By Maria Lucarini.
This story is in memory of my late dear mother Drosoula Agius née Tsakonas
Her mother Anastasia forced her to go to Australia because there was no future or prospects for marriage. She was poor, had no dowry, she was upset to leave her mother behind and didn’t care about being married.
She was sponsored by her brother Antonio to live in Sydney, Australia with her family of four children. In February 1956, she traveled on the ship Tasmania from Piraeus, Greece, arriving a month later in Australia. She spent most of the time in her cabin seasick and then went through the quarantine procedure before she could be released to her brother.
Drosoula was born in Skoulikado, on the island of Zakynthos. Her first year at school was interrupted due to World War II and by the end of it she was 12 years old and remained uneducated. During the war, she experienced starvation, saw men buried alive or burned alive, and much more that she would always try to forget.
Shortly after arriving in Sydney, she was in a doctor’s office. In the meantime, she was chatting with an older Greek lady named Despina, who was also a newcomer to Sydney, and she wanted her to meet her divorced son Andre who had two boys – nine and 12.
Drosoula met André. It was love at first sight. He was 13 years her senior. He worked as an electrician with General Motors in Zetland and had a home in Enmore. André immigrated from Djibouti, Africa, after his divorce. His mother was Greek and his father Franco-Austrian. Andrew spoke seven languages, one of which was Greek.
They were married in September 1956 at St Sofia’s Greek Orthodox Church in Paddington. Together they had three children. Maria was born in 1957, Nicholas was born in 1963, and Anastasia was born in 1968. I barely had a room because mom offered my room to someone in need like female victims of domestic violence, refugees, new arrivals or temporary stays. They were very caring and hospitable. The doors were always open to anyone who needed a helping hand. Most of the people who stayed at home were very grateful and received many invitations to their homes.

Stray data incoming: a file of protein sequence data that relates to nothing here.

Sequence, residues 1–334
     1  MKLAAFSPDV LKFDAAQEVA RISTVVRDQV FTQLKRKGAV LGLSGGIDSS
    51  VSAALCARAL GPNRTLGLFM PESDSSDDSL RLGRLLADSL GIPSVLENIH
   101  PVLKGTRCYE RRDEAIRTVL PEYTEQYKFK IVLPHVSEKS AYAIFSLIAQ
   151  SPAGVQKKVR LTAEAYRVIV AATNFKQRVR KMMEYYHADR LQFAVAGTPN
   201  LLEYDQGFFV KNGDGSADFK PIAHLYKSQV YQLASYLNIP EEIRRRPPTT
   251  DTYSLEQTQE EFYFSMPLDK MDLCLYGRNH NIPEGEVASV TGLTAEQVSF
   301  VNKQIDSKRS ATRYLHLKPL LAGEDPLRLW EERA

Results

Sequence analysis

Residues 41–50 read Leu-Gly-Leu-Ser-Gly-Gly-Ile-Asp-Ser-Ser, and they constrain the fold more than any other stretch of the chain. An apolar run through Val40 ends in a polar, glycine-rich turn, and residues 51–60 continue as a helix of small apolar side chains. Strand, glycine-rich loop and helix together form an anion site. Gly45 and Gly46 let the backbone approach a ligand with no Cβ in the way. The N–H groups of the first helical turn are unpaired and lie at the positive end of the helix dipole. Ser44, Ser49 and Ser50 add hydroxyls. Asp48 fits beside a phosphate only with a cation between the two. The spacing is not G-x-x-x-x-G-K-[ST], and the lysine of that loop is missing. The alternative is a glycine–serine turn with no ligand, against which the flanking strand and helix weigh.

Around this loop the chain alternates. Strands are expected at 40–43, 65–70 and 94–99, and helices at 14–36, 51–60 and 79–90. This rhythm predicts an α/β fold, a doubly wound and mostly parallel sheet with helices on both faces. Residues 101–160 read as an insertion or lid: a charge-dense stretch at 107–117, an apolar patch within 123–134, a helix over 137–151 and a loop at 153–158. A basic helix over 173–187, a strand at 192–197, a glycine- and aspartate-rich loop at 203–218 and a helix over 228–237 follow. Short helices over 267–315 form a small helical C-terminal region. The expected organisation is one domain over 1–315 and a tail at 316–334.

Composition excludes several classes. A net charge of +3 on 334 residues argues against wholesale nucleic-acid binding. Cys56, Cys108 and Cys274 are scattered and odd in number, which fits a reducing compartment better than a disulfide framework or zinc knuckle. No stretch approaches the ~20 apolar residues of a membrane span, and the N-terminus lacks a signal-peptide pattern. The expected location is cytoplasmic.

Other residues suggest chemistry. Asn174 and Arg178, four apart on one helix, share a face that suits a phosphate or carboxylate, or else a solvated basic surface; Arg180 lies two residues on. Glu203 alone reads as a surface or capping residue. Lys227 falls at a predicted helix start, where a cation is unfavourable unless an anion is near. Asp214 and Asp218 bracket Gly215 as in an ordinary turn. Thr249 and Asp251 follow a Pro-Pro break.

Drosoula held the house. She didn’t own a washing machine until 1967. She washed by hand for a family of eight, but also wanted to contribute by working to try to adapt to the Australian way of life she loved.
During her breaks from work, she kept other Australian women company, and the other Greek women who worked with her despised her for why she hung out with Australians and not them. She replied, “I need to learn English. Eventually the Greek ladies joined in and started mingling with the Australian ladies as well.
She worked from the early 1960s until 1979. Most of the years were at the Aero zipper factory in Bankstown where she had retired. By the end, she was speaking English but still had her Greek accent. She was able to memorize things by image. André wouldn’t need a roadmap. If Drosoula had been there before, she could take you back even years later. She had basic skills. She was able to do her banking and shopping through pictures.
She never saw her mother again as she was on her way by ship to Australia for Christmas 1964 and she suffered a stroke and died aged 64. Her father Nikolaos was widowed at 44 and stayed with Drosoula until his death in 1977. My grandfather was twenty years younger than my grandmother Anastasia. He married her when he was 16, she was a 36-year-old widow with two children. He loved his wife so much that he never looked at another woman until his death.
Until the day my mother died suddenly in my home in 2007, she prayed that we would never see another war like she did.
When the going gets tough, I think of how my mother survived it all and that gives me the strength to face any challenge that comes my way.
My mother taught me to have faith, to trust God, to thank God, to give without expecting anything in return. Do not gossip, do not be proud or have pride, but always be humble.
Love life, family and learn all you can.
The most important thing for her was respect.